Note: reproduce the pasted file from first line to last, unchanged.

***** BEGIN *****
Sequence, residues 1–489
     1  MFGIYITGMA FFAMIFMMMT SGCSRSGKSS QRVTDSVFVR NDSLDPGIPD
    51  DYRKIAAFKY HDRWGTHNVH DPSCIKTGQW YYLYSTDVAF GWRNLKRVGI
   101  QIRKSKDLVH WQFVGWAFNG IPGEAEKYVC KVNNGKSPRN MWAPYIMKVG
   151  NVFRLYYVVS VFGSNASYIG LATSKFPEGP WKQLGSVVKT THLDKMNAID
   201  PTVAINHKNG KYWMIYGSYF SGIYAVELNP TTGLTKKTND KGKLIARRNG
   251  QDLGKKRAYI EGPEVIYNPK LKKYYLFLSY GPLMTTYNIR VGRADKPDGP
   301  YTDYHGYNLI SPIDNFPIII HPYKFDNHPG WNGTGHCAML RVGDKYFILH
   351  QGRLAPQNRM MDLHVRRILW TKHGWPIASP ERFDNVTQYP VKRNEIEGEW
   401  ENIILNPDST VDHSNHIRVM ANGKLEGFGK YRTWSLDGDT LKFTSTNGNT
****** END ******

Sequence, residues 1–489
     1  MFGIYITGMA FFAMIFMMMT SGCSRSGKSS QRVTDSVFVR NDSLDPGIPD
    51  DYRKIAAFKY HDRWGTHNVH DPSCIKTGQW YYLYSTDVAF GWRNLKRVGI
   101  QIRKSKDLVH WQFVGWAFNG IPGEAEKYVC KVNNGKSPRN MWAPYIMKVG
   151  NVFRLYYVVS VFGSNASYIG LATSKFPEGP WKQLGSVVKT THLDKMNAID
   201  PTVAINHKNG KYWMIYGSYF SGIYAVELNP TTGLTKKTND KGKLIARRNG
   251  QDLGKKRAYI EGPEVIYNPK LKKYYLFLSY GPLMTTYNIR VGRADKPDGP
   301  YTDYHGYNLI SPIDNFPIII HPYKFDNHPG WNGTGHCAML RVGDKYFILH
   351  QGRLAPQNRM MDLHVRRILW TKHGWPIASP ERFDNVTQYP VKRNEIEGEW
   401  ENIILNPDST VDHSNHIRVM ANGKLEGFGK YRTWSLDGDT LKFTSTNGNT